See? Opposition to the death penalty is "growing." It's a groundswell. it? I get there are always people out there who are opposed to the death penalty, for every cause has its adherents and its opponents. But is there really this growing mass movement for the abolition of the death penalty? The death penalty is regularly used in Asia, the Middle East, and parts of Africa; I am not aware of any mass protests against its general applications in these countries. Many people in the Middle East strongly support death for certain crimes, I suspect; same with Africa. Belarus uses the death penalty; other than that, it is non-existent in Europe. There's no mass protests against it in Europe, since it's not utilized there. The only western country that regularly uses the death penalty is the United States, and there is certainly no mass movement against it here. One wonders, where exactly is this "growing public opposition" cited by the popes?

I am not suggesting there aren't many moderns who dislike the idea of the death penalty, but I simply don't see it as a strongly polarizing issue that is drawing a groundswell of popular opposition. I think when the popes cite growing opposition, they are mainly citing the opposition of some determined members of the hierarchy who latch on to this issue precisely because it is so safe and non-controversial.

I submit there is no strong growing opposition; there is a collective shrug and a "meh" from an ambivalent public. The pope is taking a subject that at most elicits moderate levels of disagreement from people and trying to elevate it to become This Year's Controversial Social Justice Issue.

Mutans tenebras ad lucem

Monday, July 30, 2018

Let the Dead Bury Their Own Dead

This week I have a question from a reader on a passage from the Gospels:

I have always been puzzled by the passage in the Gospel where the man wants to follow Jesus but asks permission to go and bury his father first. Jesus tells him, "Let the dead bury the dead; you follow me." Why would Jesus object to the man burying his father, since honoring one's parents is part of the Ten Commandments and burying the dead is a corporal work of mercy?

Of course, our Lord would not be counseling a course of action that violated one of the Ten Commandments or made light of the corporal works of mercy. Therefore, that interpretation of the passage must be based on a misunderstanding. What is our Lord really getting at?

First let's examine the passage. The reference is to an episode related in the Gospels of Matthew and Luke. The passage from Matthew reads:

Another disciple said to him, “Lord, first let me go and bury my father.” But Jesus told him, “Follow me, and let the dead bury their own dead" (Matt. 8:21-22)

In the version from Luke is very similar:

He said to another man, “Follow me.” But he replied, “Lord, first let me go and bury my father.” Jesus said to him, “Let the dead bury their own dead, but you go and proclaim the kingdom of God” (Luke 9:59-60).

I have read a lot on this passage over the years, and it would be too exhaustive to delve into the lengthy amount of patristic and other commentary that has been written on it. However, I can say that there are three main theories concerning the meaning of this passage, most differences having to do with what the phrase "first let me go and bury my father" means. I will present each theory and then offer my opinion of them.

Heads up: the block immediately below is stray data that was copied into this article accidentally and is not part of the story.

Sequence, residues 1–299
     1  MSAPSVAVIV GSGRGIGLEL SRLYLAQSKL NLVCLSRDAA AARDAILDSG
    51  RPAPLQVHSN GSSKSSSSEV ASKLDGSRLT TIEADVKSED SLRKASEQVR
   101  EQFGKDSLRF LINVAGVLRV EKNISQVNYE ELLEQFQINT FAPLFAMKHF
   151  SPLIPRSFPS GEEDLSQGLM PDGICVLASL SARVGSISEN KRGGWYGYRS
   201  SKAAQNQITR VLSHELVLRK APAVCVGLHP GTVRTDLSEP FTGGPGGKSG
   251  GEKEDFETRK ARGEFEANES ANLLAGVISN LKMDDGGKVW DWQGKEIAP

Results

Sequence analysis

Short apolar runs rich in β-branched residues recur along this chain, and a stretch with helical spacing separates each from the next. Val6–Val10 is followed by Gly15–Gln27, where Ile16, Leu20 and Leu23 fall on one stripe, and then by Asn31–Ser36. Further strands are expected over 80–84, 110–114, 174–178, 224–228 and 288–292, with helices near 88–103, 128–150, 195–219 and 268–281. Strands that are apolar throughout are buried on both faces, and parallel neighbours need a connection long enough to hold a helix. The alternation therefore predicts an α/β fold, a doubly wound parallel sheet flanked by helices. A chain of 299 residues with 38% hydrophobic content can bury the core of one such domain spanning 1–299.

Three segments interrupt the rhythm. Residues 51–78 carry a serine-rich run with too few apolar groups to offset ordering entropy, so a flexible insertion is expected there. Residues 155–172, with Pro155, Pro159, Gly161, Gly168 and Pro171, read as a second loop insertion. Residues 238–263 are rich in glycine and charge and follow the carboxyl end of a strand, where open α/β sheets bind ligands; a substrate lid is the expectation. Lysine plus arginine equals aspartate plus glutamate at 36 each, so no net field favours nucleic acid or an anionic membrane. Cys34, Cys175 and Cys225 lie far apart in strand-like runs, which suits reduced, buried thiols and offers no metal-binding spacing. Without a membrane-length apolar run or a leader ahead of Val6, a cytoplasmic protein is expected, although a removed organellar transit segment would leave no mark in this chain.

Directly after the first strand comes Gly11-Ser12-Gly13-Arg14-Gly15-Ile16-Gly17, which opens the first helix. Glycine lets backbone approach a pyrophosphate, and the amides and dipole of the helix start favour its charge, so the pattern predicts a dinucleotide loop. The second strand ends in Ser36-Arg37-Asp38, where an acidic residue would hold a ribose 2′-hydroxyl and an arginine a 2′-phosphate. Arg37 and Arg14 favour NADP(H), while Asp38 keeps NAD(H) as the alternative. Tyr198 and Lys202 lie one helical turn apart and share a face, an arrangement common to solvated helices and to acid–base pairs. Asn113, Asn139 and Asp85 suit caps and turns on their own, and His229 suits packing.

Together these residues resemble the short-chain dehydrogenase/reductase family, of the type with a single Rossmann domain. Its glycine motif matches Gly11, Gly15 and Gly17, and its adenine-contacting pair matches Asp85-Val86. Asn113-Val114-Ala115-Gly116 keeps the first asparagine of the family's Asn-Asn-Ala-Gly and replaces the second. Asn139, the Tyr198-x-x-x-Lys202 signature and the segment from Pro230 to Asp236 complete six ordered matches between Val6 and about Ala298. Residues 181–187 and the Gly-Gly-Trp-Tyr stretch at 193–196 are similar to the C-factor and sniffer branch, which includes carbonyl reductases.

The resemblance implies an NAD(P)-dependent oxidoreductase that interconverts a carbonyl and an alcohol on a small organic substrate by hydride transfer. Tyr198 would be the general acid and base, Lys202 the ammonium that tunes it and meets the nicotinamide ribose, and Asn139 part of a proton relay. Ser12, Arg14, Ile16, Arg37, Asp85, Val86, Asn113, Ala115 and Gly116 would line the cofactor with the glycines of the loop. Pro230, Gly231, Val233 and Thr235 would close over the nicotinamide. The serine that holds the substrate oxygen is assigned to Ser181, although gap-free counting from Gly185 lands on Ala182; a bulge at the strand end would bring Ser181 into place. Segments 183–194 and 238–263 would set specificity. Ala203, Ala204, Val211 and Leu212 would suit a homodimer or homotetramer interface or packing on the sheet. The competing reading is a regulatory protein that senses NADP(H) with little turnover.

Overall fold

First theory: the man literally has a dead father sitting at home in need of burial. Jesus objects not because it is bad thing to bury the dead, but because He senses insincerity in the motives of the man; Jesus asks him to follow Him. The man does not want to repent and follow Christ and offers this as an excuse. Jesus, knowing the man's hearts and thoughts, urges him to leave behind his concern for worldly matters and devote his life to God. This interpretation is favored by many of the Church Fathers. 

Second, the phrase "let me go and bury my father" does not literally mean, "My dad's corpse is sitting at home waiting to be buried," but is rather an Aramaic figure of speech which means "My father is old and will die soon. Once my father is dead, I will be freed of my earthly obligations and then I will follow you." So in this interpretation, the father is not really dead, just old. The phrase "bury my father" is a euphemism, similar to the phrase "I will go lie with my fathers", which means "I'm gonna die." The man essentially tells Jesus, "I am taking care of my elderly father but he will be dead in the near future and I will follow you then." Jesus admonishes him that the Gospel is not something that takes a back seat until the most opportune time. Today is the day of salvation, as St. Paul says (2 Cor. 6:2). Incidentally, this was the interpretation favored by famous 20th century Syriac scholar George Lamsa.

Third possibility: the issue revolves around the Jewish practice of "second burial" common in Palestine in Jesus' time. In Jesus' time, after a Jewish person had died, he would be immediately interred in the family burial cave or plot. The immediate period of mourning was seven days (shi'va), followed by a less intense mourning period of 30 days, called shloshim. However, the mourning period was not totally concluded until all the flesh had rotted off the body. This process usually took a year. At that time, the bones would be gathered and re-internment, or "second burial" (likkut aẓamot) would take place. The bones would be gathered together, placed in an ossuary (small chest-like container) and re-interred.